Better Call Saul Review: Season 2, Episode 1 – Switch

Bob Odenkirk as Saul Goodman in Better Call Saul Season 2

Warning: This review contains spoilers.

In its first season, Better Call Saul took everyone’s favourite light relief, lovable scumbag from one of the biggest game-changers in TV history and turned him into a conflicted, pathetic character with a more thought-provoking backstory than I ever would have anticipated.

I love the title of this episode. Not only does it more than serve its purpose of describing Jimmy McGill’s attitude throughout this instalment, it perfectly captures the character we’ve been following since the start of season 1, the constant battle between his two personas and it simplifies his most important trait into one word. From con-artist, ‘Slippin’ Jimmy’, to ‘going straight’ Jimmy McGill, to Saul Goodman, the struggle for Jimmy to decide who he really is never ends.

I have to say, the most enjoyable parts of the series for me are Jimmy’s moments of weakness, and this episode had that in spades. We were constantly being teased us into thinking we’d got to the point at which Jimmy has completely given up trying to reform and has finally become Saul for good. The highlight example of these teases has to be the sequence which saw the return of douchebag, ‘KEN WINS‘ from the first season of Breaking Bad.

Watching Jimmy convince Kim to help him pull off this scam was almost too easy for comfort. The scene is played so light-heartedly and watching them trick Ken into paying for their insanely expensive drinks all night with giddy smirks on their faces is as fun to watch as Walt and Jesse coming up with another plan to save their own lives. It’s nice to see a new side to the uptight Kim we’ve seen throughout season one of BCS. With this scene leading to Jimmy and Kim going to bed together, we have yet another piece of evidence showing that things only work out for Jimmy when he releases his inner Saul. But is he really ready to commit to that life yet?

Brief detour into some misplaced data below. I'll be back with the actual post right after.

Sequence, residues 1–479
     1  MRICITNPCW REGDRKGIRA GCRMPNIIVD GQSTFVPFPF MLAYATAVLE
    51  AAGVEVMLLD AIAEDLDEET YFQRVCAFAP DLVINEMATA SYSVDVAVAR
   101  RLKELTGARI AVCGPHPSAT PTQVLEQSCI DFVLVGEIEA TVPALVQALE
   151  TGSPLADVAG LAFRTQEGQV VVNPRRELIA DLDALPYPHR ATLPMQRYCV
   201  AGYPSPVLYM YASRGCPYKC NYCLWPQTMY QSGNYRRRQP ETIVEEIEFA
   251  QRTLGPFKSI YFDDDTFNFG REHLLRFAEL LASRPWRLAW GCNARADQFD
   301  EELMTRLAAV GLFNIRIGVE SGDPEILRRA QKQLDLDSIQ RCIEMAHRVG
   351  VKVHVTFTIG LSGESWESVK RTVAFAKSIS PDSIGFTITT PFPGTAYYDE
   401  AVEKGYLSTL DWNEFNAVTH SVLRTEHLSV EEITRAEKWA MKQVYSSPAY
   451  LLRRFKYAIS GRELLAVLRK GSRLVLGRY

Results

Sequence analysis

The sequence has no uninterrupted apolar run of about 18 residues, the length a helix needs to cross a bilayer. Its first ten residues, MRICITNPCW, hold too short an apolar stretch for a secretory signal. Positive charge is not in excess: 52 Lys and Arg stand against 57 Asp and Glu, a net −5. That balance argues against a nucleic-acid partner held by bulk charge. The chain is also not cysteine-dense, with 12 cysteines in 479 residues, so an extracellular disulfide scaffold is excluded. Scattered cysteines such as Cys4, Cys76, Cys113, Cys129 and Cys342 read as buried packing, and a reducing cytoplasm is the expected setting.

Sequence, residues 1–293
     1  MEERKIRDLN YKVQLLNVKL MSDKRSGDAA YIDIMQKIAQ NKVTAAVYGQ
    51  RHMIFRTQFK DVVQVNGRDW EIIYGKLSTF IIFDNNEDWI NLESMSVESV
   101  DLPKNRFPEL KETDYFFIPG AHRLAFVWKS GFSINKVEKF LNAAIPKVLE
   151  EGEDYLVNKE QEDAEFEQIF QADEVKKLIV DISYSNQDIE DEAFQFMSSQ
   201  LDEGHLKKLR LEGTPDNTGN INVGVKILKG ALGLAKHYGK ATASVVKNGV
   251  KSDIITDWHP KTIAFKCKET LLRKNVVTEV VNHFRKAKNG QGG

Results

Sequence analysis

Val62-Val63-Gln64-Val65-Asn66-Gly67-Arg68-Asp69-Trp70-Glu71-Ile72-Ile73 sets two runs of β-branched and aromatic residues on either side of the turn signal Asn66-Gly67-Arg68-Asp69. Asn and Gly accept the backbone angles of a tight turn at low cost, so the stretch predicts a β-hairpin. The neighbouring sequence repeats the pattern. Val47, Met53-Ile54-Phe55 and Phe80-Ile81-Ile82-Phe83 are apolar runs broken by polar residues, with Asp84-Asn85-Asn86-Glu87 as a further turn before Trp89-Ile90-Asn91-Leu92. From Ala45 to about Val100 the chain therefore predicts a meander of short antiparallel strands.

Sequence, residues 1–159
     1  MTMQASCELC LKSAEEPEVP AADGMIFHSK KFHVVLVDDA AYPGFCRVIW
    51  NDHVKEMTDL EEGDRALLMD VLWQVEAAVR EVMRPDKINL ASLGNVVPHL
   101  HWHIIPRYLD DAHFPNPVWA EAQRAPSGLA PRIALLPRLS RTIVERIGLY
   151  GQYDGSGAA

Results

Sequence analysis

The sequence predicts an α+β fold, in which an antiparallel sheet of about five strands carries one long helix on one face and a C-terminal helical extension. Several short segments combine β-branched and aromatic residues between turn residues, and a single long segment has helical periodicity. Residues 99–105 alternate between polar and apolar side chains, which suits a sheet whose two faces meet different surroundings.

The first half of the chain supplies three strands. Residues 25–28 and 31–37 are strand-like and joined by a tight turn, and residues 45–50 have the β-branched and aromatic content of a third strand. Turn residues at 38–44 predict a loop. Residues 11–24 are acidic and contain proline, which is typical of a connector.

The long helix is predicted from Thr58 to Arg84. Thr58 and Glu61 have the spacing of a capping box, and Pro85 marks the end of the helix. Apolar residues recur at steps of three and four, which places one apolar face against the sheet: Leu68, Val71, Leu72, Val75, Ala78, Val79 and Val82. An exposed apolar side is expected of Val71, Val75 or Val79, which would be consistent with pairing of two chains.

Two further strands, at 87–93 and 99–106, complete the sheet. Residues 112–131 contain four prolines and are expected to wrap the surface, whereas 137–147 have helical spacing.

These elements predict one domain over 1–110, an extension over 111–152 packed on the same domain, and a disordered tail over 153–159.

We know he does eventually and it seems so certain that this is it for Jimmy McGill. But, as the episode title hinted, something inside him switches at the last minute. I couldn’t help but feel disheartened. He’d come so far in his transformation in this episode, it felt like he had just decided to roll over and get back to reality. I should feel happy, right? He’s doing the right thing. He’s had a taste of what it’s like to live on the edge and he’s decided he’d rather be a decent man. Maybe I would be saying that if this were any other show, but we know that’s not how Jimmy’s story is going to go. Seeing him attempt to go back to being a straight lawyer is just sad when we know he’s going to end up as the helpless, pitiful nobody that we see in the cold open of this episode. We know he’ll never really go straight, as is demonstrated in the final shot of the episode.

I love the polar opposite thought process we see between the cold open and the final scene. In the final scene we have Jimmy, in his new office, able to have whatever he wants. A new chair? A new desk? Literally anything, it seems. Yet, he has to find the one thing in the room he’s not allowed to do and do it anyway. Whereas, in the cold open, we have Saul locked in the area the bins are kept, too scared to touch the emergency exit handle, lest a policeman happens to recognise him. Our hopes are lifted when he goes for a screwdriver, perhaps to make an escape attempt, and then dashed when he does the only thing he can, leave a small mark of who he used to be.

Overall this was one of the more exciting and entertaining episodes of the whole show for me and creates a very high anticipation for the rest of the season.

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